Previous to their being planted they should be pruned, leaving only one, and that the best shoot, shortening it to 1 foot or 18 inches, according to its strength. As the plants grow up they should be trained with single stems of 18 inches to 2 feet high, which will allow room to clear away any suckers the plants may afterwards produce." Suckers do not answer nearly so well as layers, because we find layers produce better stems than suckers, and they are not nearly so apt to produce suckers again. It is by layers that nurserymen generally produce their young stock of trees where they have respect to the quality of their stock, but where quantity is more an object than quality the general practice is by suckers. The soil best suited for the growth of the Filbert is a good medium yellow loam, more inclined to be light than heavy, and if containing a large amount of vegetable matter, so much the better. If there be a deficiency of this in the loam, it may be added in the shape of leaf-mould, or suchlike. While the Filbert likes a soil rather moist than otherwise, it must at the same time have good drainage. If it lacks good drainage, then let the cultivator at once have it attended to.

The best position for the cultivation of the Filbert is in the orchard, where it may be planted in any position well exposed to the sun, and yet where it may be sheltered to some extent from the withering blasts of winter, and especially early spring. "The boundary of an orchard," says Mr M'Intosh, is a very proper place for a plantation of Filberts, and if well managed will give an abundant and useful return. Much, however, depends on a proper selection of sorts and on a judicious mode of cultivation - two matters very seldom thought of. The best time for planting the Filbert is in autumn, any time from the beginning of September. October is perhaps about the best month of the whole year for performing this operation, although it may be done at any time the whole season till the middle of March. If the tree seems over-luxuriant, let it be root-pruned and managed in every respect as has been already recommended for the Apple and Pear. As the Filbert is not a large-growing tree, from 10 to 12 feet will be found quite sufficient distances at which they may be planted apart. The Filbert is seldom in a fruitful condition until it has reached the age of eight or ten years.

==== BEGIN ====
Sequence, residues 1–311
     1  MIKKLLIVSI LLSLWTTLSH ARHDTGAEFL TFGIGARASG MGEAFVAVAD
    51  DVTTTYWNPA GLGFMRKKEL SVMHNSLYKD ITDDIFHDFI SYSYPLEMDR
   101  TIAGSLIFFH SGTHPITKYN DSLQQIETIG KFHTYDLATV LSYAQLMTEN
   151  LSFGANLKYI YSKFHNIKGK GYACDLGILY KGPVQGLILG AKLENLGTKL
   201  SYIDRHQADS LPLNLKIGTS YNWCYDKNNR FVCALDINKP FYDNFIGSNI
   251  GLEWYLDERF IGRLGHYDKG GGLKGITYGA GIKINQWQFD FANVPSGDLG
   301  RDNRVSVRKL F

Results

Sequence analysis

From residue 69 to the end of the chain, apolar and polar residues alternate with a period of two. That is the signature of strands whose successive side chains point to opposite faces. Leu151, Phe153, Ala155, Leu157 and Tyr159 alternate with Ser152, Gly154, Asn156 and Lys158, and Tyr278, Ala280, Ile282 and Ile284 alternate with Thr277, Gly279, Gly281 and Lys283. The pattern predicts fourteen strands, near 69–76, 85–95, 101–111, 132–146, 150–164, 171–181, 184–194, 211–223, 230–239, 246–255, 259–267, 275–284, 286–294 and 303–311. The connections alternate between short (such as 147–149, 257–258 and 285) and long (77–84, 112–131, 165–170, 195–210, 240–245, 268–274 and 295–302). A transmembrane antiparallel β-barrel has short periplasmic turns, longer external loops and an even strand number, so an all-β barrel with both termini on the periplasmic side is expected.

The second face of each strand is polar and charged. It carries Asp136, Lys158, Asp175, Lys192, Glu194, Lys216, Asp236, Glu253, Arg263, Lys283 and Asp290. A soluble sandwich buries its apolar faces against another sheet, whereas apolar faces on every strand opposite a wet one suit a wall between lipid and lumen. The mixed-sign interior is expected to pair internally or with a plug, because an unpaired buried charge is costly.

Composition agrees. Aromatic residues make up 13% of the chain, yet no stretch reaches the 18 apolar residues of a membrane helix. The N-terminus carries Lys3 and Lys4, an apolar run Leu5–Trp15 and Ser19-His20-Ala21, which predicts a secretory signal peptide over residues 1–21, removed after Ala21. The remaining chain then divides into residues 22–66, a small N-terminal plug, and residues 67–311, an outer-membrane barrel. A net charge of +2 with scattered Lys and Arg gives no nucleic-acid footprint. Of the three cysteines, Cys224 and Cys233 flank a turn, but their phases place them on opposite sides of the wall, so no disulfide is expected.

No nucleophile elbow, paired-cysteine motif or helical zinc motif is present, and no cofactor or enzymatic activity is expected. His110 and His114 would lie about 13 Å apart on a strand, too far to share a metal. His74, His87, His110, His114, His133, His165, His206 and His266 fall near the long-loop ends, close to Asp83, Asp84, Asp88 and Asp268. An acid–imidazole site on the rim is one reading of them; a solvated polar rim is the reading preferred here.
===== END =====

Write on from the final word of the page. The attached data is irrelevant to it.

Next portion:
The Filbert being monoecious, it is generally found that young and vigorous trees produce a preponderance of male flowers, while old trees are very apt to be the reverse. The female flower is very small, and of a bright pinkish colour, while the male flowers are easily recognised by their pendent catkins, from 2 to 4 inches long. Where these catkins are awanting on the trees let an examination be made, and if there are plenty of female flowers thereon let a branch with male flowers be cut and hung in the centre of the tree so soon as the pollen appears ready for fertilisation. As the female flowers are mostly produced upon the points of the branches, it is a good plan to take a bunch of male flowers and draw them gently over the surface of the bush any time when the pollen is in a dry condition.

So far as we are aware, there is no disease which attacks the Filbert to any great extent in this country, and the only insect enemy known to do the crop injury is the Balaninusnucum, which pierces a hole through the shell of the Nut while yet in a young state, and deposits an egg into each cavity made. Here is hatched a maggot, which, as soon as it springs into active life, devours the kernel of the Nut. After the Nut is finished it eats its way out and buries itself in the ground, where it remains all winter, changing in spring to a chrysalis, from which at length is produced the perfect weevil. The best method of destroying these pests is by shaking the trees about the end of August, when those Nuts which have been attacked will be easily recognised by the hole in their shells, and which must at once be taken up and burned, so as to destroy the enemy.